4. Workload Offloading – The earlier version of the Oracle Data Guard provided disaster protection and recovery for customers by replicating redo data to a standby database. With Active Data Guard (ADG), customers can now offload most of their read-only reporting applications, ad-hoc queries, data extracts, etc., to a replicated physical standby database simultaneously providing disaster protection thereby eliminating the cost of idle redundancy. As part of 19c for reporting applications, Active Data Guard allows DML operations (occasional updates) on a “read-mostly” standby to be redirected to the primary database.

  5. Heterogenous Active Replication – In contrast to Oracle Data Guard which allows for only one-way physical replication, Oracle GoldenGate is a feature-rich logical replication product with advanced features that can supplement Active Data Guard, providing customers flexible options to fully address their replication requirements. GoldenGate also supports replication between a broad range of heterogeneous hardware platforms – e.g. Linux, Solaris, Windows, etc. and database management systems – Oracle, DB2, SQL Server, etc. The heterogeneous replication supports platform migrations, technology refreshes, database upgrades, and application upgrades that change back-end database objects, with minimal or zero downtime.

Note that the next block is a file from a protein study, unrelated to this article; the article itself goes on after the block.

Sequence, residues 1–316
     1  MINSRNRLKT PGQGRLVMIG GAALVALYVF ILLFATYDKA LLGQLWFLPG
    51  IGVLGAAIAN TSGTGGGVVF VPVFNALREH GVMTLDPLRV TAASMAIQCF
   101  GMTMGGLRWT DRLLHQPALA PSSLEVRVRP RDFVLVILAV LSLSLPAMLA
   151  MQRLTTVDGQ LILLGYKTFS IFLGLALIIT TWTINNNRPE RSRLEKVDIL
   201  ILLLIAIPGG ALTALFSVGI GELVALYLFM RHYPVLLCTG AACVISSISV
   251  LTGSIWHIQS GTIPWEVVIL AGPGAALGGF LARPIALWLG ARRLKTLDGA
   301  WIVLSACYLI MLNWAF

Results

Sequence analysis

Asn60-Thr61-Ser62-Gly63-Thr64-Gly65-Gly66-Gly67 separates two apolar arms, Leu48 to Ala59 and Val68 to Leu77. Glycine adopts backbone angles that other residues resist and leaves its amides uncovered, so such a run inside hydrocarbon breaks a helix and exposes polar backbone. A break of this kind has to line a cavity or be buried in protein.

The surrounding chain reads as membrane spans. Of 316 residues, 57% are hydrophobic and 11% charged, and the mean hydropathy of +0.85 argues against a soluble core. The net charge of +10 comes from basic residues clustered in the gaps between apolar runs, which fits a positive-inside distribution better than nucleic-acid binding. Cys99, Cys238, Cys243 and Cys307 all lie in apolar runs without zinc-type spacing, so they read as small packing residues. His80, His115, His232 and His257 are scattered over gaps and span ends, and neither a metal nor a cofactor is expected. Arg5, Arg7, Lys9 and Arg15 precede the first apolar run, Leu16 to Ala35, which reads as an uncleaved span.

6. Distributed Database and Fault Isolation - Oracle Sharding distributes and replicates data across a pool of discrete Oracle databases referred to as shards. Sharding is built on a shared-nothing horizontal partitioning architecture in which the databases do not share storage or rely on cluster software. Oracle Sharding provides a number of benefits for web-scale applications such as linear scalability, extreme data availability and geographic data distribution allowing data sovereignty and data proximity.

The above list of features and capabilities is not by any means a complete list, and of course, there are many additional high availability features that have not been mentioned here. Please add a comment if you wish to provide feedback on any high availability features you use currently that have not been mentioned here. Additionally, also refer to our MAA whitepaper for Oracle Database 19c here.

In our next series of blog posts, I will continue the discussion on the evolution of MAA by expanding into the solution provided via Engineered Systems (Exadata, ZDLRA, and ODA) and Oracle Cloud Database Services (Database Cloud, Exadata Cloud, and the Autonomous Database). Stay tuned! Until then, if you need more information, please visit our Maximum Availability Architecture page.

You can also follow us on Twitter at @OracleMAA for new updates.


Be the first to comment

Comments ( 0 )
Please enter your name.Please provide a valid email address.Please enter a comment.CAPTCHA challenge response provided was incorrect. Please try again.